Early feature from Jia Zhang-Ke watches with eerie precision, using long simple takes, as the 1980s play out in and around the town of Fenyang, Northern China. Seen thru the eyes & changing lives of a gaggle of twenty-something traveling performers, it’s no longer the Mao, Mao, Mao, Mao World of their parents & the authorities, but what’s to replace the old verities? Surely, there’s more to it than Pop music culture (with its heavy Western seasonings) and colorful, inexpensive clothing. But just try putting a name, number or ethical standard on it; especially for a new generation going thru a very delayed adolescent rebellion. Jia Zhang-Ke plays this as an ensemble piece, people come & go, or get replaced by younger members joining the troop with more up-to-date/Westernized styles. Personal identification, at least for a non-Chinese audience, can be tricky, making this less a story or character driven pic, than one of fast-devolving mores & moods. It's the sort of cultural dislocation you might get moving from one side of the world to the other, all happening while running in place. A change that goes all the way down to that new No Smoking sign on the bus. Economically executed, it’s a tough memory film with cascading emotions unexpectedly popping up at inconvenient moments.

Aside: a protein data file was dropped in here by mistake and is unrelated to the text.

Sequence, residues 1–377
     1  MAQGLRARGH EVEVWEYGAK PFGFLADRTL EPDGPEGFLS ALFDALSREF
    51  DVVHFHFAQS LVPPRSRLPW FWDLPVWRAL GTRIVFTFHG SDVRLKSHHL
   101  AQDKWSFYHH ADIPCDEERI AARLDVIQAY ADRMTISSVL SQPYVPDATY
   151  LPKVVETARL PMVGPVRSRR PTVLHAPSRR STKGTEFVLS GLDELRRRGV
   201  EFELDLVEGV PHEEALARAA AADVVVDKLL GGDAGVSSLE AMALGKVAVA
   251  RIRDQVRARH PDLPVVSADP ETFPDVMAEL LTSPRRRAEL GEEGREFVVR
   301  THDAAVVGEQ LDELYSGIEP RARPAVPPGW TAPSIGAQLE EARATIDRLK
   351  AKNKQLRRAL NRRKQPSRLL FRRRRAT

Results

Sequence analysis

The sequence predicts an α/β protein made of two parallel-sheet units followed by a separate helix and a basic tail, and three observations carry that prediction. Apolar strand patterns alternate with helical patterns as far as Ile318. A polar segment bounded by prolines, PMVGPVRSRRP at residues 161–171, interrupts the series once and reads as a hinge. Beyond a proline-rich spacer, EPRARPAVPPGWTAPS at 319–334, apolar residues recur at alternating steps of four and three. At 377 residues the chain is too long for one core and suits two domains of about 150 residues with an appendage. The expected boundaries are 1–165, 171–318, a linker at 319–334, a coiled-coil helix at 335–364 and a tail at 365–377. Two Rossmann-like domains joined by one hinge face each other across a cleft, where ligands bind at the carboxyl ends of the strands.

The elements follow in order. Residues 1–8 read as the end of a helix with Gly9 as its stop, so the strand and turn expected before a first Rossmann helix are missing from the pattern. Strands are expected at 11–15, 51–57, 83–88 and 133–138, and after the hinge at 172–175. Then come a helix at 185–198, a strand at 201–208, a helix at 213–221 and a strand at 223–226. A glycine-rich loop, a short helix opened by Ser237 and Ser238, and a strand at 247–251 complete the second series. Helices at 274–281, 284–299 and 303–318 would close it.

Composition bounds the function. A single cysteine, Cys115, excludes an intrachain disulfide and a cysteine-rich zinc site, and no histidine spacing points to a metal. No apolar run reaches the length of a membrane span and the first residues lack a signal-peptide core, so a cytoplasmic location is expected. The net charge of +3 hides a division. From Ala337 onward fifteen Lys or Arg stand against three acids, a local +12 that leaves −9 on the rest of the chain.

DOUBLE-BILL: Must see more Jia Zhang Ke!